And little makes me quite so angry as a list, written in this scifi golden age, that trots out the same old slogs all over again. Particularly when the newest blood it sees fit to include is Ready Player One, of all books!

The Three-Body Problem by Cixin Liu

Read: 10 September, 2016

After Wang Miao is recruited by the Beijing police to infiltrate a secret cabal of scientists, he finds himself on the brink of madness.

The Three-Body Problem is a fascinating book. It’s a lot more “hard” scifi than I’m used to, and a lot less narrative. The characters spend a fair bit of their time simply sitting around a room explaining scientific concepts to each other.

Yet, somehow, the plot manages to seep through and it’s fantastic. It’s a personal story of grief and revenge, it’s a secret society conspiracy story, it’s an alien invasion story, all pulled off in a compelling way.

The writing style is quite unusual. Ken Liu, the translator, has done an amazing job of preserving “an echo of another language’s rhythms and cadences” (his words, from the translator’s postscript).

The main character, Wang, is a little flat. He has details added – a wife, a child, a photography hobby – but these only come up when necessary to the plot. Most of the time, he’s reactive, following along as other characters take him on a journey. But those other characters are so expressive and memorable that Wang’s comparative blandness doesn’t detract. Rather, he serves as a fantastic reader insert as we get to meet all these different interesting people and try to solve the great mystery.

I did feel like the third act was on the weaker side. The climax itself was great, but the reveal at the end where all the remaining plot lines are tied together felt forced and rather info-dumpy. This style had been used before, primarily in the sections where Ye Wenjie’s history is revealed. The difference there, though, is that Ye is a very interesting character. Whereas in the final portion, we’re with the aliens – characters we haven’t gotten to know and are explicitly meant to feel alienated (see what I did there?) from. Each character therefore serves only as a role needed to expose the plot, and it doesn’t work anymore. I have to admit, the final 40 or so pages took me about two days to get through. That said, it’s only 40 pages out of an otherwise fantastic 400.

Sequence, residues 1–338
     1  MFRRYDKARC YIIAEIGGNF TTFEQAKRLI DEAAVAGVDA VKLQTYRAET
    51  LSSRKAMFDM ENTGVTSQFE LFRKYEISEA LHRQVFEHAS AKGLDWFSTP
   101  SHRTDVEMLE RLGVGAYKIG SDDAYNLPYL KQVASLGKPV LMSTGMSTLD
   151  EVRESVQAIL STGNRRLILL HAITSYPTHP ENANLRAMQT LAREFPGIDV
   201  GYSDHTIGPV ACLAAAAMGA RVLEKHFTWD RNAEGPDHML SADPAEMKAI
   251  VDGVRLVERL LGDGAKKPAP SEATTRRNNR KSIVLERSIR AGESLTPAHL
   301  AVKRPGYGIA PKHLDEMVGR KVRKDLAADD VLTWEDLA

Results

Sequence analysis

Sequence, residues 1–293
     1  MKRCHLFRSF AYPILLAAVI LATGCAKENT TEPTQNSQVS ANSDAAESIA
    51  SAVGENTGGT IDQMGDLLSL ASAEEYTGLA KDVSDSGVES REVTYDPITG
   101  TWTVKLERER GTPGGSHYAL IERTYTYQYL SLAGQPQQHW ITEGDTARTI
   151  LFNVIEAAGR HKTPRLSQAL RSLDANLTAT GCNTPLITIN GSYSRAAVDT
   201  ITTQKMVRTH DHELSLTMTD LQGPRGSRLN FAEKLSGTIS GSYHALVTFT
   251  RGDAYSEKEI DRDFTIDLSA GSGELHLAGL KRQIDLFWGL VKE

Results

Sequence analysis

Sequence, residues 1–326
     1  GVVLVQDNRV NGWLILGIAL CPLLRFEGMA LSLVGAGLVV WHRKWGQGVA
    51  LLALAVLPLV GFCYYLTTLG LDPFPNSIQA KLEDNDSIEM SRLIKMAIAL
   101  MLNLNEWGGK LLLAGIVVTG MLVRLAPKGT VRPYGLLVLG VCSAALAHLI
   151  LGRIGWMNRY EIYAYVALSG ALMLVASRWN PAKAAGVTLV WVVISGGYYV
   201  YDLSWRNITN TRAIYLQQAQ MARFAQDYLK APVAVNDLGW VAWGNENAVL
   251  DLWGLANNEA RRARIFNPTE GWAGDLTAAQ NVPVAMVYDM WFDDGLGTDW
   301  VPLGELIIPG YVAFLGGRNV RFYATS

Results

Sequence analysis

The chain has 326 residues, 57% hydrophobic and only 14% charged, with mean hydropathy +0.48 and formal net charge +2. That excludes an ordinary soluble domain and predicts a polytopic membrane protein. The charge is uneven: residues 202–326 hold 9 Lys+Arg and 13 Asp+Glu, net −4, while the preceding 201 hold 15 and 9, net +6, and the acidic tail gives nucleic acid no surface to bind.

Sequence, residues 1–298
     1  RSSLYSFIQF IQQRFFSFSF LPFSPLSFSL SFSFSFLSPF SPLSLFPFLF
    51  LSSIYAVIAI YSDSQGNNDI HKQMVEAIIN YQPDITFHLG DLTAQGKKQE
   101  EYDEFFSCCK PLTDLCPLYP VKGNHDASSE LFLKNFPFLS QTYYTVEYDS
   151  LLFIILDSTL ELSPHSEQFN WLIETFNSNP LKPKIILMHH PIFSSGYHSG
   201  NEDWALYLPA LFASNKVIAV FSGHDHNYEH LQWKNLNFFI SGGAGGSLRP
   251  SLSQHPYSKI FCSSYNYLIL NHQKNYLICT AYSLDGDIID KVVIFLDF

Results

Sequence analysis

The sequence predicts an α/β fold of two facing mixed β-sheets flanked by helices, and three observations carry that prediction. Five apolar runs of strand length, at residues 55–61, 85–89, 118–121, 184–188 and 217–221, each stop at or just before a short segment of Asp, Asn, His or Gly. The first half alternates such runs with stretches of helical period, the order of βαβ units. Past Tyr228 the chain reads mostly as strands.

There are apparently two sequels available. But for those of you suffering from Serial Burnout, don’t worry. The Three-Body Problem has a very satisfying end. It’s open, but it’s not a cliff-hanger.

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Wastelands: Stories of the Apocalypse, edited by John Joseph Adams

Read: 21 October, 2014

The End of the Whole Mess by Stephen King

Howard Fornoy sets out to tell the story of what happened to the world – and the Messiah – in the little time he has left. I’ve only read a few of King’s works, but his voice is unmissable in this story. He sets it up early, complaining that the story deserves “thousands of pages,” but will get only a handful. As a result, much of the story is only hinted at. It was interesting and tantalizing, but I don’t think that it would have held my attention for much longer. I’m sure he would have done something interesting with more pages, but I quite appreciated that so much was left for me to fill in for myself.

Salvage by Orson Scott Card

Following a rumour of gold in the old Mormon temple, Deaver ropes his friends into helping him explore the flooded ruins. I have rather serious reservations about Card as a person, and was pretty wary of story of his putting Mormonism so front and centre. Despite this, I found it a pleasant read, and surprisingly non-preachy. Sure, Deaver is exposed to a lesson in respecting the beliefs of others (whether he learns it or not is another matter), but it worked, and it could easily have been the written from the perspective of any other faith system.

The People of Sand and Slag by Paolo Bacigalupi